As we continue to strive to provide our customers with references to troubleshooting information, we have conducted many tests in our business for competitors’ abrasive cutting wheels. Did you know that simple changes can dramatically change the results. There are some key factors that can greatly affect the efficiency of the grinding wheel.
1. Speed: Do not exceed the maximum running speed of the grinding wheel. This is obvious, but slower speeds can be equally harmful. The abrasive discs were developed to achieve maximum efficiency at maximum working speed. This means that the rated speed maximizes the removal of the blank compared to the amount of wheel wear. The lower selected speed will have a major impact on how the abrasive cutting wheels work, as they will tend to “jump” or “bounce.” This can result in uneven wear of the abrasive cutting wheels and the grit will fall off the bond.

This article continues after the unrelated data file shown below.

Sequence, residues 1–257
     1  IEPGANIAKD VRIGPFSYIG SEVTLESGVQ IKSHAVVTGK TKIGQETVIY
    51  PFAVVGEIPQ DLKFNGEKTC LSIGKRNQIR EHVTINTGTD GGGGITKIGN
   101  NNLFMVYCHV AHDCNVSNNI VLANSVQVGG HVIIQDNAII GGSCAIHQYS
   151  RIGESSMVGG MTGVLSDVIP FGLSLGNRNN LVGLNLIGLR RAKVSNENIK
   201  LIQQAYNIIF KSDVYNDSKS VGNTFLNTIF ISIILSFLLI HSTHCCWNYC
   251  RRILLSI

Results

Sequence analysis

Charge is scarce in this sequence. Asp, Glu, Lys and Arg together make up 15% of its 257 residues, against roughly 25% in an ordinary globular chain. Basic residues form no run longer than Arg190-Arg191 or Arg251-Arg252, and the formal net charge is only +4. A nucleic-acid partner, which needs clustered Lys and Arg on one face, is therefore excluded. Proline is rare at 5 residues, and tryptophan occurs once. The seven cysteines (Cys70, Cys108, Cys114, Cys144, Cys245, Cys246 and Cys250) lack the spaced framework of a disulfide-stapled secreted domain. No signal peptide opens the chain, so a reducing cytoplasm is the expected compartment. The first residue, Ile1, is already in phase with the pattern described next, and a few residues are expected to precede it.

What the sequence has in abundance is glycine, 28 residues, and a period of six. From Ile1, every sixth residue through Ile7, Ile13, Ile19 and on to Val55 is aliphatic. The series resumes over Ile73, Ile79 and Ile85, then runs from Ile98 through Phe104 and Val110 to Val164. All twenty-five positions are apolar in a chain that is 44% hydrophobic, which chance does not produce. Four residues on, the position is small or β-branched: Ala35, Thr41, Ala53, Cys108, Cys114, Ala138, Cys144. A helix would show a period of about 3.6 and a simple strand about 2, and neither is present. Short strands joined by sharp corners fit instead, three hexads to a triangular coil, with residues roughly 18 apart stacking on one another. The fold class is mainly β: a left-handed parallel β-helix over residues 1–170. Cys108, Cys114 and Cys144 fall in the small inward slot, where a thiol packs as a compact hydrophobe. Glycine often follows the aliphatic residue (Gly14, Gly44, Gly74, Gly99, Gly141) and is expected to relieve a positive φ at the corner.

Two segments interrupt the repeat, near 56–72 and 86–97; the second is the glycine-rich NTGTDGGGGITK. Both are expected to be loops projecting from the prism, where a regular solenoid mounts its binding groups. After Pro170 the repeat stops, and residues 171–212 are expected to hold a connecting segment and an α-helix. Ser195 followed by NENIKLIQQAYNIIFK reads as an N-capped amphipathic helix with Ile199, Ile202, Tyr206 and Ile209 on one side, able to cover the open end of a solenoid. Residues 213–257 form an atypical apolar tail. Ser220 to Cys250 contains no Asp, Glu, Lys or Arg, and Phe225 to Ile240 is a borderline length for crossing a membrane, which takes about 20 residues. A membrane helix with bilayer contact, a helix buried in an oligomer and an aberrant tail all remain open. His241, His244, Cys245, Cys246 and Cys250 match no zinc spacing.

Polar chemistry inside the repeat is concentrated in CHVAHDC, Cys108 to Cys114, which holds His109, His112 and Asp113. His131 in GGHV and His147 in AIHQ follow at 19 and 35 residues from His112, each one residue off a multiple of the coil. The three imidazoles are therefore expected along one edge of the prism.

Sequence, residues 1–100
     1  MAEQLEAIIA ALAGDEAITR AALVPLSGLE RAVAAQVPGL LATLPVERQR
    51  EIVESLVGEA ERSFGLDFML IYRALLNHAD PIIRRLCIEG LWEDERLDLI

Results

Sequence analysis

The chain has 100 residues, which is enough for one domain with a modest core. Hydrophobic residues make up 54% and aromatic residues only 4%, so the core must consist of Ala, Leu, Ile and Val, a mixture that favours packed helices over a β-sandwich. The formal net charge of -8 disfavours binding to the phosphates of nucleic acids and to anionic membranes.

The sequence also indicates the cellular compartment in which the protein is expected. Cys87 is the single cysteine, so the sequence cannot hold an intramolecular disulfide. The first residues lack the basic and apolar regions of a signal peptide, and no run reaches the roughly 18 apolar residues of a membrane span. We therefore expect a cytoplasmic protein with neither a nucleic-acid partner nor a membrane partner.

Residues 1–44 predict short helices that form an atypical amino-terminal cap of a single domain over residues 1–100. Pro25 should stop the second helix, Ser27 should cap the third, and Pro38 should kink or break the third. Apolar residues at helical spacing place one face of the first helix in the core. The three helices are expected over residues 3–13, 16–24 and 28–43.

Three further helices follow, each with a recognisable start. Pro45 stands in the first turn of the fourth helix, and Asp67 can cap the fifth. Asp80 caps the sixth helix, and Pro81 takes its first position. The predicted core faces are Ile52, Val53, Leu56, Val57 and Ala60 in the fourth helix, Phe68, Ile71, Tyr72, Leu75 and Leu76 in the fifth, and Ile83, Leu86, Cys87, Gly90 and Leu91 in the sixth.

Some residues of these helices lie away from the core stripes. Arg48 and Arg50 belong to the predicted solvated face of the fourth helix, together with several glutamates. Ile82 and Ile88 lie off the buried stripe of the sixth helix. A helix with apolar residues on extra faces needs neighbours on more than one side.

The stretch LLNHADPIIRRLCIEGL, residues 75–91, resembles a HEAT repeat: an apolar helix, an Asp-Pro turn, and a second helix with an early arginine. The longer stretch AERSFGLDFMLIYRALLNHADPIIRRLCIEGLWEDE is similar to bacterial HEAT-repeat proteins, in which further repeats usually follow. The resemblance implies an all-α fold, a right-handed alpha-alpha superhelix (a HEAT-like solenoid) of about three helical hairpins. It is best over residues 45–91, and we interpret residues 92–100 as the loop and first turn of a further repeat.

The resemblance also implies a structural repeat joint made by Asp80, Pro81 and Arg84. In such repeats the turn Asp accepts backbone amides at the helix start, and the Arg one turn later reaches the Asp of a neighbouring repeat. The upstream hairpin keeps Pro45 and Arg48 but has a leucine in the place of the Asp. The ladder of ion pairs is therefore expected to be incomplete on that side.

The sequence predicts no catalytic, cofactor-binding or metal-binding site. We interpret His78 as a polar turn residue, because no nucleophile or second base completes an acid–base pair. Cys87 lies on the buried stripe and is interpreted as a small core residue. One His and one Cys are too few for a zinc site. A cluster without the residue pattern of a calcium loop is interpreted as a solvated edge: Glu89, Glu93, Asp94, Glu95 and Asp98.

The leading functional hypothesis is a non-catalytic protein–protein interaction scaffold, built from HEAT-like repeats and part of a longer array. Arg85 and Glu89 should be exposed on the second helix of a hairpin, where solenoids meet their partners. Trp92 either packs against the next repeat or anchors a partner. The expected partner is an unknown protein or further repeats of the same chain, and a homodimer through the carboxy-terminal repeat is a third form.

2. Power: In order to maintain a high speed during operation, there must be sufficient power. In less expensive mills, the design strength of the motor is lower than the appropriate strength. This usually causes the grinding wheel to slow down when pressure is applied to the workpiece. It is a common mistake to blame the abrasive cutting wheels for responsibility. Sometimes a weakly bonded abrasive cutting wheels can solve this problem because the cutting speed will be faster. However, the life of the abrasive cut off wheel will be shortened.
3. Angle: The angle at which the grinding wheel needs to be applied to the workpiece is 35o. Not 10-15o! Extended testing has shown that the applied 35 degree angle provides the most effective abrasive cutting wheels wear and maximum amount of cut. By reducing the angle of application, a thin tapered edge can be formed at the edge of the abrasive cutting wheels. If the grinding angle is then changed slightly, the thin edge will no longer be able to withstand the grinding pressure and rupture.
Regardless of the type of material you are grinding, it is good to keep these three points in mind as they are problem-oriented relative to workpiece-based tools/mechanics.